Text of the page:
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Vinyl LP pressing. Originally released in 2008 on Type Recordings, Caesura by Helios aka Keith Kenniff returns in a new 2022 edition vinyl re-release, remastered by Taylor Deupree. Keith Kenniff had been with Type from the very beginning, and in the fifth year of the label he offered his fifth gorgeous release. In those five years Keith's style had evolved constantly, with his drifting piano compositions taking the Goldmund label and the Helios sound moving out from underneath the clipped beat-heavy electronics of Unomia and into a more unique place, even incorporating vocals on the Ayres mini album. Caesura however was his "proper" follow-up to the acclaimed Eingya, and has seen Keith return to the instrumental sound he knows so well. In fact, in many ways Caesura is a more electronic work than it's predecessors, blending layer upon layer of synthesizer and adding his assured drumming to come up with the perfect meeting of indie-pop and ambient music. The haunting cinematic element is still present of course, but these songs are more rounded and confident than any in Keith's career to that point. From the delicate bliss of "Hope Valley Hill" which opens up the album with gauzy nostalgia and, as the title promised, hope, through the chunky pop of "Come With Nothings" it is clear that Keith's music is as arresting as it ever was. Taking cues from the lilting indie-electronics of Ulrich Schnauss and the unfussy ambience of Brian Eno, Keith manages to inject this with his knowledge as a composer. The epic harmonies of "Backlight" for instance reveal a lightness of touch rarely heard in the genre with sweeping synthesized chords buzzing alongside Keith's signature guitar. Accompanied by more gorgeous artwork from Matthew Woodson, Caesura still is a glowing record for the winter months, and a glimmer of hope to keep the seasons at bay. First time on vinyl since it's original release in 2008.
Vinyl LP pressing. Originally released in 2008 on Type Recordings, Caesura by Helios aka Keith Kenniff returns in a new 2022 edition vinyl re-release, remastered by Taylor Deupree. Keith Kenniff had been with Type from the very beginning, and in the fifth year of the label he offered his fifth gorgeous release. In those five years Keith's style had evolved constantly, with his drifting piano compositions taking the Goldmund label and the Helios sound moving out from underneath the clipped beat-heavy electronics of Unomia and into a more unique place, even incorporating vocals on the Ayres mini album. Caesura however was his "proper" follow-up to the acclaimed Eingya, and has seen Keith return to the instrumental sound he knows so well. In fact, in many ways Caesura is a more electronic work than it's predecessors, blending layer upon layer of synthesizer and adding his assured drumming to come up with the perfect meeting of indie-pop and ambient music. The haunting cinematic element is still present of course, but these songs are more rounded and confident than any in Keith's career to that point. From the delicate bliss of "Hope Valley Hill" which opens up the album with gauzy nostalgia and, as the title promised, hope, through the chunky pop of "Come With Nothings" it is clear that Keith's music is as arresting as it ever was. Taking cues from the lilting indie-electronics of Ulrich Schnauss and the unfussy ambience of Brian Eno, Keith manages to inject this with his knowledge as a composer. The epic harmonies of "Backlight" for instance reveal a lightness of touch rarely heard in the genre with sweeping synthesized chords buzzing alongside Keith's signature guitar. Accompanied by more gorgeous artwork from Matthew Woodson, Caesura still is a glowing record for the winter months, and a glimmer of hope to keep the seasons at bay. First time on vinyl since it's original release in 2008.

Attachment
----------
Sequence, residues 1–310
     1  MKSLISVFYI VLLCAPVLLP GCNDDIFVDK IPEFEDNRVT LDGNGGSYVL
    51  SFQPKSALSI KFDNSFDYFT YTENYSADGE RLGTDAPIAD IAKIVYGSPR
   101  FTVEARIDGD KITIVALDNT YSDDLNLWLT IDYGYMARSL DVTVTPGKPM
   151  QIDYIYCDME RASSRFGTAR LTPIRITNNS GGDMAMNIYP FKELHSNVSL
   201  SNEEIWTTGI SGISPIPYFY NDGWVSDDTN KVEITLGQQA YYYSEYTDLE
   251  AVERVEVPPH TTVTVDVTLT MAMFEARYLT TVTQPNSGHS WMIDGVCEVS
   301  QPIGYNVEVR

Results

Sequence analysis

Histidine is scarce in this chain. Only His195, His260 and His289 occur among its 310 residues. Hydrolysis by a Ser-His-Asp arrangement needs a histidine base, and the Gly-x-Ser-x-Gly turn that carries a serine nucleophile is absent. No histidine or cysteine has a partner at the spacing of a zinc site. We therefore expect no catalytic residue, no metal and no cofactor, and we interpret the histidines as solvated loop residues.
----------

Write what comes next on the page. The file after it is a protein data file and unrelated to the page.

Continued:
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Vinyl LP pressing. Originally released in 2008 on Type Recordings, Caesura by Helios aka Keith Kenniff returns in a new 2022 edition vinyl re-release, remastered by Taylor Deupree. Keith Kenniff had been with Type from the very beginning, and in the fifth year of the label he offered his fifth gorgeous release. In those five years Keith's style had evolved constantly, with his drifting piano compositions taking the Goldmund label and the Helios sound moving out from underneath the clipped beat-heavy electronics of Unomia and into a more unique place, even incorporating vocals on the Ayres mini album. Caesura however was his "proper" follow-up to the acclaimed Eingya, and has seen Keith return to the instrumental sound he knows so well. In fact, in many ways Caesura is a more electronic work than it's predecessors, blending layer upon layer of synthesizer and adding his assured drumming to come up with the perfect meeting of indie-pop and ambient music. The haunting cinematic element is still present of course, but these songs are more rounded and confident than any in Keith's career to that point. From the delicate bliss of "Hope Valley Hill" which opens up the album with gauzy nostalgia and, as the title promised, hope, through the chunky pop of "Come With Nothings" it is clear that Keith's music is as arresting as it ever was. Taking cues from the lilting indie-electronics of Ulrich Schnauss and the unfussy ambience of Brian Eno, Keith manages to inject this with his knowledge as a composer. The epic harmonies of "Backlight" for instance reveal a lightness of touch rarely heard in the genre with sweeping synthesized chords buzzing alongside Keith's signature guitar. Accompanied by more gorgeous artwork from Matthew Woodson, Caesura still is a glowing record for the winter months, and a glimmer of hope to keep the seasons at bay. First time on vinyl since it's original release in 2008.
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